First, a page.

Each week we webcast Lord's Day Sabbath School at 10a, morning public worship at 11a, and p.m. singing and sermon at 2:30p (sermon at 3:30)

Wednesday, March 11, 2020

2020.03.11 Hopewell @Home ▫ 1 Samuel 2:22–26

Questions from the Scripture text: In what condition was Eli (1 Samuel 2:22)? What had he heard about his sons? To whom does he speak about it (1 Samuel 2:23)? What does he say that they do (1 Samuel 2:24)? What does he warn them cannot be done for them (1 Samuel 2:25)? What does the Scripture give as the reasons that his sons did not heed the voice of their father? Who is contrasted to Eli’s sons (1 Samuel 2:26)? Of Whom does this remind us (cf. 1 Samuel 2:21, Luke 2:40Luke 2:52)?
Apart from God’s totally undeserved grace, He rightly and justly desires to kill sinners.

That is shocking to us, because we do not see sin for how wicked it is.

Up until this point in 1 Samuel 2, we might be tempted to think that it’s a minor infraction for Eli’s sons to alter tabernacle procedure in order to get some more choice meat. Our flesh doesn’t want to respond like Jesus to those who “make Yahweh’s people transgress” in their worship (1 Samuel 2:24). Jesus says that it would be better for someone who does that to have a stone weighing thousands of pounds tied to their neck, and to be thrown into the depths of the sea!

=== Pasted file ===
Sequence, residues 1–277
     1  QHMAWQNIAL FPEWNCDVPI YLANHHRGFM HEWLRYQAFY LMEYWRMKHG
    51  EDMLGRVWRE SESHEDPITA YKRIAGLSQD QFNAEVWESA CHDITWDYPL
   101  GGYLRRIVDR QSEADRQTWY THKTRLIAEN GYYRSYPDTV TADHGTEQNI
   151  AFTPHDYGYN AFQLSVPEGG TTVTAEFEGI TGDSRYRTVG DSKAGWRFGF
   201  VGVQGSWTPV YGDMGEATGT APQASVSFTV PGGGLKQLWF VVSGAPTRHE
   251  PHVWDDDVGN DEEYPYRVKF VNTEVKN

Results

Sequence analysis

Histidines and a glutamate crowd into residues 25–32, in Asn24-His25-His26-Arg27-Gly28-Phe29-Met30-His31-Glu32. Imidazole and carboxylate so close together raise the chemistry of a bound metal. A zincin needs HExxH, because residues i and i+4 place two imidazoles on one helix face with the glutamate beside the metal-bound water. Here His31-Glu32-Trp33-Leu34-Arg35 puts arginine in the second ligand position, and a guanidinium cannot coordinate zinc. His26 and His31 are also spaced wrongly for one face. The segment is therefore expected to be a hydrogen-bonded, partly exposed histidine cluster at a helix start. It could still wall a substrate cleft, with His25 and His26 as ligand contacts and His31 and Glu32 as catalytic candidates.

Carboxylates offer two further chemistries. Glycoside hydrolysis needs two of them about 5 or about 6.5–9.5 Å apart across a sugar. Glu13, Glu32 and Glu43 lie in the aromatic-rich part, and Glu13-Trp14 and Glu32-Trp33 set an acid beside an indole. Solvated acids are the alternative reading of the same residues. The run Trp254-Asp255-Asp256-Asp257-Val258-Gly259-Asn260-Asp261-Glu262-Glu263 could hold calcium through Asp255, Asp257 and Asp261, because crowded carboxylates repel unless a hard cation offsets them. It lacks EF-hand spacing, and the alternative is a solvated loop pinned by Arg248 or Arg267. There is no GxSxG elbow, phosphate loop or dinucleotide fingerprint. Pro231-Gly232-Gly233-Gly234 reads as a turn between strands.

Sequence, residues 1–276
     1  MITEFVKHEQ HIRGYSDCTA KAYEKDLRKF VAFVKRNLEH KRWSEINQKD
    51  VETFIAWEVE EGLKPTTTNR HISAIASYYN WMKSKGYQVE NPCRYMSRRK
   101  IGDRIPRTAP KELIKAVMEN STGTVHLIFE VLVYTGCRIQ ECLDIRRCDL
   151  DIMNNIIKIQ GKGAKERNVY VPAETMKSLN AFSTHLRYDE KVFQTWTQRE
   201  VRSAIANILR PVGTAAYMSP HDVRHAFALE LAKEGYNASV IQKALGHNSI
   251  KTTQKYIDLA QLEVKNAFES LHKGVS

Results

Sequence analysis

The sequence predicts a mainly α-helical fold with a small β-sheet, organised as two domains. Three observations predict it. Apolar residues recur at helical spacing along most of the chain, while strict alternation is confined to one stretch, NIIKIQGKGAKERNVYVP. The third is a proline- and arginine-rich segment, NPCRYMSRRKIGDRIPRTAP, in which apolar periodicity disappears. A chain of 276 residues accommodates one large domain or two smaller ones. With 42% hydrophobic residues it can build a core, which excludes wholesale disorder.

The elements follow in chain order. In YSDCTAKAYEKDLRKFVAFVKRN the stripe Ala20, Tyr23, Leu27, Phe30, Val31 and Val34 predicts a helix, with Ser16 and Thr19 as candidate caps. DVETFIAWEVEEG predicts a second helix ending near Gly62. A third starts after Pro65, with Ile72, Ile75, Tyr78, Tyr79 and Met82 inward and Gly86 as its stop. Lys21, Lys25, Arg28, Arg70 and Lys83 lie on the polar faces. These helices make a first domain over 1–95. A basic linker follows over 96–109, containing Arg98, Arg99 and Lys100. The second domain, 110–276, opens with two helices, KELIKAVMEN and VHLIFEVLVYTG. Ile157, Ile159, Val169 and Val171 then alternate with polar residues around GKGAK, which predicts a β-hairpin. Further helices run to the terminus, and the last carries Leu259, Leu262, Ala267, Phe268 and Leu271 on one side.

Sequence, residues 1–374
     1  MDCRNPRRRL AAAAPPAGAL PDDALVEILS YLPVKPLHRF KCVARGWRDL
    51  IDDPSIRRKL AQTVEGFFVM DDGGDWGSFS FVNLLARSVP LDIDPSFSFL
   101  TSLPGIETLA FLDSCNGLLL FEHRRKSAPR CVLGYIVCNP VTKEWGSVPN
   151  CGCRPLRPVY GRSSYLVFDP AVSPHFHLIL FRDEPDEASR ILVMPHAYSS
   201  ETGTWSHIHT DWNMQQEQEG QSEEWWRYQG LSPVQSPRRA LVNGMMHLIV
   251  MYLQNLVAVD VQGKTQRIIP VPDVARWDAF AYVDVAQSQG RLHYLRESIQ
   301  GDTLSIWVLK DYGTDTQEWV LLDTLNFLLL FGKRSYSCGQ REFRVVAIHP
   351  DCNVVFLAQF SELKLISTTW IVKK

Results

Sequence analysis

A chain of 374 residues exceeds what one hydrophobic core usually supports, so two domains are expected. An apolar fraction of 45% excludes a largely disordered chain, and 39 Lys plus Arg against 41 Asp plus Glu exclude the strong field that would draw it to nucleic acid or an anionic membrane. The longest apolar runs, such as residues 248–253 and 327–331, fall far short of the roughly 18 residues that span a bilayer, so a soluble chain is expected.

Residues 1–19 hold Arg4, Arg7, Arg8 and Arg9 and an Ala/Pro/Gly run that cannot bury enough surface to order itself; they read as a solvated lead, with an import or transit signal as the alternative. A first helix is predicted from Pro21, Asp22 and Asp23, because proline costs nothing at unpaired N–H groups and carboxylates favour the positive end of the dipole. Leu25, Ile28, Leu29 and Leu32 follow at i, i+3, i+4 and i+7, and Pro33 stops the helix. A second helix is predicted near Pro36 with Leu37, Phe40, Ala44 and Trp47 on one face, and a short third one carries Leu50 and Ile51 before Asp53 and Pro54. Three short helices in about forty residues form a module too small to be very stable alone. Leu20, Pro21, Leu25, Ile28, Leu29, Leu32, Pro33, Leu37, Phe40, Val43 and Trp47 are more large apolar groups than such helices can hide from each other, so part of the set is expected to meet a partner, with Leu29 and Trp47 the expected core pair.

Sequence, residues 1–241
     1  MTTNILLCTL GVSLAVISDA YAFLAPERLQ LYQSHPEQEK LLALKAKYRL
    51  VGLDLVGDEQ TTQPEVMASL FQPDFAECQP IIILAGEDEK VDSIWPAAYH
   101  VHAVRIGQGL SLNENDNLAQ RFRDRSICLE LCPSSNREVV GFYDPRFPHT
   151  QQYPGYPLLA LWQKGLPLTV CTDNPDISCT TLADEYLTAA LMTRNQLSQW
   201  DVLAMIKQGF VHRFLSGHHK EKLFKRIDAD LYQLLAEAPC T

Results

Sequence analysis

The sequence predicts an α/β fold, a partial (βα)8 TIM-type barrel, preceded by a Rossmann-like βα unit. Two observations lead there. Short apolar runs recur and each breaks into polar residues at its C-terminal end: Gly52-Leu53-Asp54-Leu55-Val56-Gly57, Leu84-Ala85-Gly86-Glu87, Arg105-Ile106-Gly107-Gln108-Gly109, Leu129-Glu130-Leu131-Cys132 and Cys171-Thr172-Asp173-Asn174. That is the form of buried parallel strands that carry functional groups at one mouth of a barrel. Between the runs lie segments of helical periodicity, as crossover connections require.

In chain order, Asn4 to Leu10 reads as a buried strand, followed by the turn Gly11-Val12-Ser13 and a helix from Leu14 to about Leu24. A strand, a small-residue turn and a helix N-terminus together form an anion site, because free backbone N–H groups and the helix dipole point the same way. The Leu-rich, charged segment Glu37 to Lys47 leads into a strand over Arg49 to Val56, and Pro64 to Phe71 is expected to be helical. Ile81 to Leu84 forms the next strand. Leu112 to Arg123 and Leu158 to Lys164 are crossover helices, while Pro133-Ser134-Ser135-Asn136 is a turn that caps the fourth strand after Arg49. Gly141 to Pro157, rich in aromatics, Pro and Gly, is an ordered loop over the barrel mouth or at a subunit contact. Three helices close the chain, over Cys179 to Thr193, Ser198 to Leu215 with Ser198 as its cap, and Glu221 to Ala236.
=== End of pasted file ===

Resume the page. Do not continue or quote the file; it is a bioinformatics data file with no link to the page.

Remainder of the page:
Perhaps the Lord’s grace to us is such that we are still softhearted enough toward Him to be shocked by the second half of 1 Samuel 2:22. These men were using their place of authority to molest and violate the women of God’s people right there at the door of the tabernacle!

And yet, for God, the offense of false worship makes this the minor violation, sandwiched in the narrative about how they were profaning the worship of God for the people of God. In the words of 1 Samuel 2:25, “If one man sins against another, God will judge him. But if a man sins against Yahweh, who will intercede for him?”

How shocking and vile is our wickedness before God!! Who of us have not come to worship at times with gratifying our desires as our top priority?! And yet it is God’s grace to sinners in giving Christ to intercede that was the stuff of worship under Sinai’s law, and it is even more so the stuff of worship in the age of the Gospel.

What hope is there for us? Is it that we will be like Samuel? No. Samuel was a sinner, and if Yahweh desired to kill him for that sin, surely he too would never have heeded Scriptural counsel. But there is another Child who grew in stature, and in favor both with Yahweh and with men.

The solution is to be joined to Jesus Christ by faith. By a faith through which Christ’s perfect righteousness and atoning sacrifice make us perfectly right before the Lord. By a faith through which Christ’s Spirit makes us more and more like Christ (as He did for Samuel) and less and less like the sons of Eli. Lord have mercy, and let us heed Your Word!
If it had been just for God to kill us, why did He save? How is Christ’s sacrifice and righteousness precious to you for worship? How should we respond in our worship?
Suggested Songs: ARP146 “Praise the Lord” or TPH245 “Great Is Thy Faithfulness”

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